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Monday, January 22, 2018

An Unkindness of Ghosts and Let's Just Call It a Day

A scientist, Aster had learned something Giselle had not: decoding the past was like decoding the physical world. The best that could be hoped for was a working model. A reasonable approximation. That was to say, no matter what Aster learned of Lune, there was no piecing together the full mystery of her life. There was no hearing her laugh or feeling her embrace. A ghost is not a person. - Solomon Rivers, An Unkindness of Ghosts
The domain for www.howiesbookclub.com renews at the end of each April. It doesn't cost a lot to keep it going, but I think I'm going to let it lapse. I'm not sure if I'll still keep writing blog posts, but when I consulted my Stranger Things brand Ouija board, the demons that the warlocks at the Hasbro lovingly bake into every batch of flimsy cardboard and cheap plastic planchettes told me that it's probably the end of this particular era. Who knows? This may be the last post you ever see. If so, I hope you have as much fun as I did. Also, we're finishing up with a pretty good book so there are worse ways to go.

I don't know where it comes from, but I've always had this feeling that if people could just see inside my head, everything would make sense to them. Sometimes I manage to spin words around a thing in a way that seems more or less foolproof, and when whoever I'm arguing with doesn't immediately change their mind, I assume it's because they weren't really listening. I imagine that's part of why people tweet or make facebook posts or write blogs. If only you'd read the way it works in my head, this thing would be solved and then we could all move on to the next problem.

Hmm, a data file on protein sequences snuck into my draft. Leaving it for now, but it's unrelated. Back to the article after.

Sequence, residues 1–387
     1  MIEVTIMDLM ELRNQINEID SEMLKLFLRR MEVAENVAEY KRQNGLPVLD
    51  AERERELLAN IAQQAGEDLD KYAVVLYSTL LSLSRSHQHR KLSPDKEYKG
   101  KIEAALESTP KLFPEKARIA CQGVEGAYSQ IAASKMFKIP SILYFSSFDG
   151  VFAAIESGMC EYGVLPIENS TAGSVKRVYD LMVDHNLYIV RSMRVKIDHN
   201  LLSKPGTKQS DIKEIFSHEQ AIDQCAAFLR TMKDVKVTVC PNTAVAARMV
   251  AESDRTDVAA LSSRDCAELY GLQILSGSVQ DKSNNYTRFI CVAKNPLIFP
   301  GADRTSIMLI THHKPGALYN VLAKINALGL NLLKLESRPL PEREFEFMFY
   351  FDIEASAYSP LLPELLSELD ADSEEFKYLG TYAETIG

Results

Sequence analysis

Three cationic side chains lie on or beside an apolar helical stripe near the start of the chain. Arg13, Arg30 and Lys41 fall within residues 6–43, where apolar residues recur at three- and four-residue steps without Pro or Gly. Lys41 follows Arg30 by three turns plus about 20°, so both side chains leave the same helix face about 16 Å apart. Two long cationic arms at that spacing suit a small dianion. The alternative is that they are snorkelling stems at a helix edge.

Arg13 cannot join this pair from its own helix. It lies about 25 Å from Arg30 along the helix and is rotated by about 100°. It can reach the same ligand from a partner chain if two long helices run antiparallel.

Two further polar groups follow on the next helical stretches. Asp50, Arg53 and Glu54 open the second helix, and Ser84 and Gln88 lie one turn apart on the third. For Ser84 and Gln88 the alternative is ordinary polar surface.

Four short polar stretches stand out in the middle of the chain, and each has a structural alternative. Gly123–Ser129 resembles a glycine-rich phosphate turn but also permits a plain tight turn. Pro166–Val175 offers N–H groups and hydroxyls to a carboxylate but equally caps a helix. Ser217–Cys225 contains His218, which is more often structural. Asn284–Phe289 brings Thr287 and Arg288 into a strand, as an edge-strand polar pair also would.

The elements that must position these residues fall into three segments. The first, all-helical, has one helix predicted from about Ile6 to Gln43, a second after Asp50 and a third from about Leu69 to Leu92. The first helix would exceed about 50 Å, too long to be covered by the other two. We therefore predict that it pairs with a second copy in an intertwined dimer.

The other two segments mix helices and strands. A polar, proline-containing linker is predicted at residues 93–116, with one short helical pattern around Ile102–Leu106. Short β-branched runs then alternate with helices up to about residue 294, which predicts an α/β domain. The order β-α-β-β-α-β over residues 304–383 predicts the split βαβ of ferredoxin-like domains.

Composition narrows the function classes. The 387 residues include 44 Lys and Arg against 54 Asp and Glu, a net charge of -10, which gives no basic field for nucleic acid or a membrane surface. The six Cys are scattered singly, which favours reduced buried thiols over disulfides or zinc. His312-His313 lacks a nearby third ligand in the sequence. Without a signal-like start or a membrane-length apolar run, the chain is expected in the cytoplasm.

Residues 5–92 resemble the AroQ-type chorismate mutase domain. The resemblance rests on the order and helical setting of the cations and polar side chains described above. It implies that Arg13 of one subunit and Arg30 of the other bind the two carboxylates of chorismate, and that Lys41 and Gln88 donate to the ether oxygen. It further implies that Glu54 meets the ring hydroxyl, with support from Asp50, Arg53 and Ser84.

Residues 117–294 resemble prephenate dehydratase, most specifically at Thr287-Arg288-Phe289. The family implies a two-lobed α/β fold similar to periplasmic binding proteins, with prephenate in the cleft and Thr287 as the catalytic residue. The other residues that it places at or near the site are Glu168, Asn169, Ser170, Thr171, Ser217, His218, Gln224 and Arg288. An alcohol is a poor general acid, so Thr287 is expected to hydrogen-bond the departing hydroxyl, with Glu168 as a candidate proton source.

When I watched Zootopia, I thought "this is going to solve everything." I really thought that. It made one billion dollars and was the second highest-grossing movie that wasn't a sequel or based on a book ever. It makes such a subtle point that you're lulled into having a good time and then holy smokes, you just got hammered with social justice. It makes such a good argument and does it so cutely I don't know how you argue with it. And so many people saw it.

Imagine my surprise when enough Americans voted for a man who said that Mexican immigrants were all rapists and where men were still getting stabbed on the bus for standing up for Muslim women who were being bullied. Refugees from some of the most war-torn countries ever were turned away in airports. My face was like wha-